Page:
Saturday, June 26, 2010

No Escape, Part Six: "The Bright Field" And "The Water's Quiet Insistence"

In this visit to the land of "wherever you go, there you are," R. S. Thomas offers a possible solution to the problem of not being able to escape from yourself when you attempt to travel to that ever-illusory ideal place.  It turns out that the place you long for may be right there in front of you (if you first turn aside a bit).

            The Bright Field

I have seen the sun break through
to illuminate a small field
for a while, and gone my way
and forgotten it.  But that was the pearl
of great price, the one field that had
the treasure in it.  I realize now
that I must give all that I have
to possess it.  Life is not hurrying

on to a receding future, nor hankering after
an imagined past.  It is the turning
aside like Moses to the miracle
of the lit bush, to a brightness
that seemed as transitory as your youth
once, but is the eternity that awaits you.

                    John Nash, "A Gloucestershire Landscape" (1914)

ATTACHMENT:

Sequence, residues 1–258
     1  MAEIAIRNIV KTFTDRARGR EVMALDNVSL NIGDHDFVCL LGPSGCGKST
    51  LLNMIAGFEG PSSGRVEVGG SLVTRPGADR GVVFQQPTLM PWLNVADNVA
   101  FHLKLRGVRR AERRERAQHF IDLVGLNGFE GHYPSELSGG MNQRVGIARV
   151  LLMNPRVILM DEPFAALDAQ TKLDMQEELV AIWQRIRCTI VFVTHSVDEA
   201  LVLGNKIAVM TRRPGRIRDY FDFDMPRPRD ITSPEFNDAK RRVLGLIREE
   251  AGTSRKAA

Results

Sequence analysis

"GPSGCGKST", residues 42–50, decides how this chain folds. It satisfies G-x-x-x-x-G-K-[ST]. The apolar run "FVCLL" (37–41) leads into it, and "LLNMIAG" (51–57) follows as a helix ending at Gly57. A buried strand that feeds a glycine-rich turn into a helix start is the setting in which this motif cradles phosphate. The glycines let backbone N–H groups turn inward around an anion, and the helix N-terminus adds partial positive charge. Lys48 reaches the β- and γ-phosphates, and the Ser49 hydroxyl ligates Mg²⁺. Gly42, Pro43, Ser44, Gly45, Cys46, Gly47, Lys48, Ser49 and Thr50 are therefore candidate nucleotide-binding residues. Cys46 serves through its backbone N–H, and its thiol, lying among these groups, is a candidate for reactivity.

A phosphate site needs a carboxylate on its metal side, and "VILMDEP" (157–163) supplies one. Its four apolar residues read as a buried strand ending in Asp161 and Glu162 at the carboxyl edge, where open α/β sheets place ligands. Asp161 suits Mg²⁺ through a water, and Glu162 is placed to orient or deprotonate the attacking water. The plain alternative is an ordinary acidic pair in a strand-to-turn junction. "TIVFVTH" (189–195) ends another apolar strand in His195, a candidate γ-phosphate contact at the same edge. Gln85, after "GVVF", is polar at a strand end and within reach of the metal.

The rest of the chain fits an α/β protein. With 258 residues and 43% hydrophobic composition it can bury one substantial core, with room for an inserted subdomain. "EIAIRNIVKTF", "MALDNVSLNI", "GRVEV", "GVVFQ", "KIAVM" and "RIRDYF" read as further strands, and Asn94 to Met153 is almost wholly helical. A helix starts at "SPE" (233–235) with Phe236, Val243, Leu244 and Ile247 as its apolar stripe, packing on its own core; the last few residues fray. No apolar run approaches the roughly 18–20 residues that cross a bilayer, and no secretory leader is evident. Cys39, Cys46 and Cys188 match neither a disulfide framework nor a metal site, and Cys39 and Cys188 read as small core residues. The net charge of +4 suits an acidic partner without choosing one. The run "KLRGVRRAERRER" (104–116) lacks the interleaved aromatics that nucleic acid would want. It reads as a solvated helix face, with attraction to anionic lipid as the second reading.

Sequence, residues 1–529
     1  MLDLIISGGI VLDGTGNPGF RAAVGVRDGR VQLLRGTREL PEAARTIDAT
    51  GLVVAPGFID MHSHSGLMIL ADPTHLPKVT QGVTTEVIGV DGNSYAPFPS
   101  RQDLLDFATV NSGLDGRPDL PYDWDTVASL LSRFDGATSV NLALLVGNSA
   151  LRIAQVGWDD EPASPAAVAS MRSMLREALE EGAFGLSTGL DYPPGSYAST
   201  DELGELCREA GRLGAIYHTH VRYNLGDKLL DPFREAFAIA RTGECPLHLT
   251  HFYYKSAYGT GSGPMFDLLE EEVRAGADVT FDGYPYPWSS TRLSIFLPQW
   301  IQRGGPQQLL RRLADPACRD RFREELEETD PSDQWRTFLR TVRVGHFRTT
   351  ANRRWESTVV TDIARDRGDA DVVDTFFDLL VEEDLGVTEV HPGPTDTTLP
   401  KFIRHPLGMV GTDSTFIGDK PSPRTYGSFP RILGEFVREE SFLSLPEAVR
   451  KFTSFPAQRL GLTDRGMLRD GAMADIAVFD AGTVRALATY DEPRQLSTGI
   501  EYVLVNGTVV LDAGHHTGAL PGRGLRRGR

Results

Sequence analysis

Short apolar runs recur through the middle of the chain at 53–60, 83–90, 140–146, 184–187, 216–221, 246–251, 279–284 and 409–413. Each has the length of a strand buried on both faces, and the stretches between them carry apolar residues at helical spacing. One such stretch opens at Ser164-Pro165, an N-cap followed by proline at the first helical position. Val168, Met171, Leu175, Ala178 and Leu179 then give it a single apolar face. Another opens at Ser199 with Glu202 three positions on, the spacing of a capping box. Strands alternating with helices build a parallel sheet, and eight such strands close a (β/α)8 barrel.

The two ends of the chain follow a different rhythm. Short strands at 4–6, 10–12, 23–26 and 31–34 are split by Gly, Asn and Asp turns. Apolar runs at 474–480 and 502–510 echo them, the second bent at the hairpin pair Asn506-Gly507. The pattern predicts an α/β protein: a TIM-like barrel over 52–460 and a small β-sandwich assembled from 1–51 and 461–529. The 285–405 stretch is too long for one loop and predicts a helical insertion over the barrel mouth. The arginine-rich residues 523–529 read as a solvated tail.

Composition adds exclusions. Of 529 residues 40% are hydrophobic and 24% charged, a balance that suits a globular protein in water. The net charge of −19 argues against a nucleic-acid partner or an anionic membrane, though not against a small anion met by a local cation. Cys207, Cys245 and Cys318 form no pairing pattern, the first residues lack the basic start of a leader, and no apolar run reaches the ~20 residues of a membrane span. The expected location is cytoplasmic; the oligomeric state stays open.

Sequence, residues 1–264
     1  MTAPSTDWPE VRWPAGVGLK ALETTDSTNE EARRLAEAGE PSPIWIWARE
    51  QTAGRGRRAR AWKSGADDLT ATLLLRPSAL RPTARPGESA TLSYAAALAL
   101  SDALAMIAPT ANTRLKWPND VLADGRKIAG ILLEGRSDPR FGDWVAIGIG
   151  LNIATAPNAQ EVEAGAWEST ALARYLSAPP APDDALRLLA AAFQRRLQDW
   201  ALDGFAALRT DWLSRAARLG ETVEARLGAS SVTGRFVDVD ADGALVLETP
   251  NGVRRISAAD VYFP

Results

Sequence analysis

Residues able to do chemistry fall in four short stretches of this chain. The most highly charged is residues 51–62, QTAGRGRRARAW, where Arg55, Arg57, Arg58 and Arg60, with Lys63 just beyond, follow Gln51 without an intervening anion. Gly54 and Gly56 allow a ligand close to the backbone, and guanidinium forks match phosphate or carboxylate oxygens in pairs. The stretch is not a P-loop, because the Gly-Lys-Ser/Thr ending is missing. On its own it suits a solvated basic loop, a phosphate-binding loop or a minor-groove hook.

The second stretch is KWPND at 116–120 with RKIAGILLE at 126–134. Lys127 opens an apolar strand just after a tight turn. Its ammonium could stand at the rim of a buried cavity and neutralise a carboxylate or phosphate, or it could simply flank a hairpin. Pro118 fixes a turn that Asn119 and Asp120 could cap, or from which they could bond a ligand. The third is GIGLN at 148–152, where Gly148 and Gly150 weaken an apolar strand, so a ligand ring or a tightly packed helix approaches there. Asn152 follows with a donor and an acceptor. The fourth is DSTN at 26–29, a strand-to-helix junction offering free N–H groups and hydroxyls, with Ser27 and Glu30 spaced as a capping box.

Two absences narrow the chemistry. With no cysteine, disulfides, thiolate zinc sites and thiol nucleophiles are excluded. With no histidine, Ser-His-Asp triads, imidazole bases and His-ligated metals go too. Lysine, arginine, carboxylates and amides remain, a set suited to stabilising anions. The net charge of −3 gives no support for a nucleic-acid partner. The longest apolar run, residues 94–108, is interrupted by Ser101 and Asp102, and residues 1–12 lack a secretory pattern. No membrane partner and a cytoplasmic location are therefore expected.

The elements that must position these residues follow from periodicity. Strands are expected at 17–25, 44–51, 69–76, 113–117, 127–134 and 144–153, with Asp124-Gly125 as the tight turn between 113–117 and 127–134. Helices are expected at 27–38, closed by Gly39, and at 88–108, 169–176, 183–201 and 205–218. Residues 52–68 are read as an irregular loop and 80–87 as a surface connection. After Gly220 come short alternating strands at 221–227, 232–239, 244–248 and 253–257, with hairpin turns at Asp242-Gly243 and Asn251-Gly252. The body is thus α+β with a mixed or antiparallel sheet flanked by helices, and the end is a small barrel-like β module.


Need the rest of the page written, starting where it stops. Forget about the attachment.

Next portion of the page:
I often call there.
There are no poems in it
for me.  But as a gesture
of independence of the speeding
traffic I am a part
of, I stop the car,
turn down the narrow path
to the river, and enter
the church with its clear reflection
beside it.
                 There are few services
now; the screen has nothing
to hide.  Face to face
with no intermediary
between me and God, and only the water's
quiet insistence on a time
older than man, I keep my eyes
open and am not dazzled,
so delicately does the light enter
my soul from the serene presence
that waits for me till I come next.

                      John Nash, "Landscape Near Hadleigh" (c. 1945)


PAL said...

There appears to be a strange paucity of feedback to this superlative blog, so I thought I'd let you know that you're hitting at least one spot here in the UK. Lit crit here is a slave either to dogma or fashion. A cultivated American viewpoint is refreshing, particularly on English poetry.

Stephen Pentz said...

PAL: Thank you very much for your extremely kind words. When it comes to this type of undertaking, one never knows if anyone is looking in. (I don't avail myself of tools for measuring "visits," etc.) Hence, receiving a thoughtful comment like yours means a great deal to me. My only goal is to share my enthusiasms, and it is gratifying to discover that there are others out there who may share those enthusiasms, and who may check in on my meanderings from time to time. Thank you again.